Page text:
The at least two guided resonance modes can exist in a single integral body, such as a photonic crystal or grating, or they can exist in separate bodies. Where they exist in separate bodies, the filter characteristics can be altered or tuned by mechanical means, such as by changing the distance between the bodies by mechanical means, such as a motor.
For simplicity in description, identical components are labeled by the same numerals in this application.
We introduce a mechanically switch-able photonic crystal filter structure that can function as either a flat-top reflection filter or an all-pass transmission filter. In one embodiment, the structure 10, shown in
The filter function of device 10 relies on the guided resonance phenomenon in each photonic crystal slab. Guided resonance is a class of optical mode that is strongly confined by the dielectric slab and yet can couple into radiation modes because of the phase-matching mechanism provided by the periodic index contrast. See M. Kanskar, P. Paddon, V. Pacradouni, R. Morin, A. Busch, J. F. Young, S. R. Johnson, J. Mackenzie, and T. Tiedje, Appl. Phys. Lett. 70, 1438 (1997); and S. Fan and J. D. Joannopoulos, Phys. Rev. B 65, 235112 (2002). As light is normally incident upon the slab, the wave can pass through the slab either directly or indirectly by first exciting the resonance and then decaying out. In the particular case where the partial transmission coefficient through the direct pathway is unity, the reflection from the crystal exhibits a Lorentzian line shape with 100% reflectivity at the resonant frequency (See R. Magnusson and S. S. Wang, Appl. Phys. Lett. 61, 1022 (1992), as can be seen in
Having two slabs creates additional flexibility with which to engineer spectral functions. See W. Suh, M. F. Yanik, O. Solgaard, and S. Fan, Appl. Phys. Lett. 82, 1999 (2003). First an all-pass transmission filter for optical delay applications will be considered. A single resonance can generate significant optical delay. However, in the single-slab geometry with only one resonant mode shown in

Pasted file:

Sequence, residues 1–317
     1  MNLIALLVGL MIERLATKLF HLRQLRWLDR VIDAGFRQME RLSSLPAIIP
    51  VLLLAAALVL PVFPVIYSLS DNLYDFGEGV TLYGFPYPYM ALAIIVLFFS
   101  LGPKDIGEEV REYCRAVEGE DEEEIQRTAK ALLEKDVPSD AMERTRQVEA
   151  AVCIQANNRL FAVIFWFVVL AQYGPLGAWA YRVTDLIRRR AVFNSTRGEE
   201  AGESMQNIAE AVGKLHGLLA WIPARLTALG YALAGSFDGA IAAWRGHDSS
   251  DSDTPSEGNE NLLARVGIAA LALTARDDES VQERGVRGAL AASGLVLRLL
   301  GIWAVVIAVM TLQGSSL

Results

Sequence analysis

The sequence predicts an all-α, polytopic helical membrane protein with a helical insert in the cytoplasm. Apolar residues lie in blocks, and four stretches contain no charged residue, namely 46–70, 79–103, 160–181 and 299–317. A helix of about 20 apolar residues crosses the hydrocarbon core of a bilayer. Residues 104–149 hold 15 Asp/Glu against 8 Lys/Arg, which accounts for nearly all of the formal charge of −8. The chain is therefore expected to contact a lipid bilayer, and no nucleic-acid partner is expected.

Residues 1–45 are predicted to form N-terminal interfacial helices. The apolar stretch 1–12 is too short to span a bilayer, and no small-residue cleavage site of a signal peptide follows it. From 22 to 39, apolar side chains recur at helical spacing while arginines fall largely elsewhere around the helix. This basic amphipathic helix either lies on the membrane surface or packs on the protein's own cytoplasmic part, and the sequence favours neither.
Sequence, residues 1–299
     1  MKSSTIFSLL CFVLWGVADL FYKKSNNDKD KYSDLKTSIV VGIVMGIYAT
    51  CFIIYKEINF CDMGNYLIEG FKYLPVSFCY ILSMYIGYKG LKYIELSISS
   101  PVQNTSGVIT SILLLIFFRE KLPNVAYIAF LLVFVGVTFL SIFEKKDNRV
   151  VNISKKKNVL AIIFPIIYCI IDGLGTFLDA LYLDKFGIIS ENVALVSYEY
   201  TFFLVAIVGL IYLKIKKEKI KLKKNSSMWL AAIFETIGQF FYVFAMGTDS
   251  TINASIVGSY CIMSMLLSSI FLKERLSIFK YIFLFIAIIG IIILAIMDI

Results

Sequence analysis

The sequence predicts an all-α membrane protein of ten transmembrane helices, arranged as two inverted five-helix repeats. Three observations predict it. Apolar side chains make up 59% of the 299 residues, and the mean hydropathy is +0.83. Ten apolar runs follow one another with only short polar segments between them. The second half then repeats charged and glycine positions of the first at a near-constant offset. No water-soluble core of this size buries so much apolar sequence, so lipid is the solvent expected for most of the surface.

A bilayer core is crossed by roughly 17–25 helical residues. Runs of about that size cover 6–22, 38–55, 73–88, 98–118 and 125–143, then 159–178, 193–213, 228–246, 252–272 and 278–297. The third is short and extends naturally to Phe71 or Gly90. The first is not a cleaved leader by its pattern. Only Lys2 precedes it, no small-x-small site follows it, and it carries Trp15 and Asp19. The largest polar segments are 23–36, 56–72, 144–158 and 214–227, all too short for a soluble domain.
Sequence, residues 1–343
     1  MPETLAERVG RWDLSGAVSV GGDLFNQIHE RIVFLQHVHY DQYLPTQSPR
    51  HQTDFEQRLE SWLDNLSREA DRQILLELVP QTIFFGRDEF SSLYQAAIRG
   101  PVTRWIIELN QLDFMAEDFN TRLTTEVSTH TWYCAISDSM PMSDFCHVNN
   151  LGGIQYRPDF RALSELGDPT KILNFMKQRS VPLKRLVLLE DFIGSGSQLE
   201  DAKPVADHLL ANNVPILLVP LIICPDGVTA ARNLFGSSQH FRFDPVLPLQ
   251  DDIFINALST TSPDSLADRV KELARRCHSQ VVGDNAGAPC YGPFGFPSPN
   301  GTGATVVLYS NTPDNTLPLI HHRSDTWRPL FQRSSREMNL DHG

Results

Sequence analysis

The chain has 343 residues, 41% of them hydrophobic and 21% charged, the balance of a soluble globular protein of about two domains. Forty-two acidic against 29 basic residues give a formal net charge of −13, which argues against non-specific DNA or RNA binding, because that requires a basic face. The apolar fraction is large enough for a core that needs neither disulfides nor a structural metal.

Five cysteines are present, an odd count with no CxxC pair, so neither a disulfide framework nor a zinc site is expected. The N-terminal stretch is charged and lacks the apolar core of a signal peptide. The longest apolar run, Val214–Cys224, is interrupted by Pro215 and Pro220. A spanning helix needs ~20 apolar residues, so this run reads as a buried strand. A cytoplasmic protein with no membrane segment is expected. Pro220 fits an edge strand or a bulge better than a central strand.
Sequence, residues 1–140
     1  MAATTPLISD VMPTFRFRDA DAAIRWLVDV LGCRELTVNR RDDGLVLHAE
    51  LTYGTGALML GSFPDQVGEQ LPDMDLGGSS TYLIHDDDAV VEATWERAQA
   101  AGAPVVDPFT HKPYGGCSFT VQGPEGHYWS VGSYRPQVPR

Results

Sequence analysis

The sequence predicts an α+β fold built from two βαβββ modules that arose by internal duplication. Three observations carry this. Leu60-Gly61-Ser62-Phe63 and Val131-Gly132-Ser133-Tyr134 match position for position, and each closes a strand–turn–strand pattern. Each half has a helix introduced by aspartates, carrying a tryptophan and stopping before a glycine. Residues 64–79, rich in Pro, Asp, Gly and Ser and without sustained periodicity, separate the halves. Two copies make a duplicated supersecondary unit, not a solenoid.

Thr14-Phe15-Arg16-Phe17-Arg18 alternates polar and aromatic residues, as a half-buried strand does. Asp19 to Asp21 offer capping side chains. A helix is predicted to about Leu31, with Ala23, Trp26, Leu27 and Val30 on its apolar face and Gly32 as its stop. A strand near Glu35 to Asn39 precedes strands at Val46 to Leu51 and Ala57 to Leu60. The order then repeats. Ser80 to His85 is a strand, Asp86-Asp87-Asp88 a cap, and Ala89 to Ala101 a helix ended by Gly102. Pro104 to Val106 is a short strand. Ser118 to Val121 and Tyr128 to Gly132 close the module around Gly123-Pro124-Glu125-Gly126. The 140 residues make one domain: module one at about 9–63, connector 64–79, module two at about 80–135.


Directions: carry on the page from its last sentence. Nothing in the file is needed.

To achieve an all-pass characteristic with no intensity variation over the resonance bandwidth, it is therefore necessary to use at least two resonances. For simplicity, we consider a system with two substantially identical slabs 12, as shown in
The idea described above can be quantified by use of the coupling of modes in a time-dependent formalism for optical resonators. See S. Fan, W. Suh, and J. D. Joannopoulos, J. Opt. Soc. Am. A 20, 569 (2003); and H. A. Haus, Waves and Fields in Optoelectronics (Prentice-Hall, Englewood Cuffs, N.J., 1984). The theoretical model describes the dynamics of the optical resonance amplitudes a and b in the two slabs. For the structure in
where ω0 is the resonance frequency and τ is the resonance lifetime. S1+, S2+, S1−, and S2− are incoming and outgoing waves from either side of the first slab. The coupling constant κ describes the strength of evanescent tunneling between the two slabs and is real because of energy conservation and mirror symmetry constraints. Similarly, the equations for the amplitude b in the second slab can be written as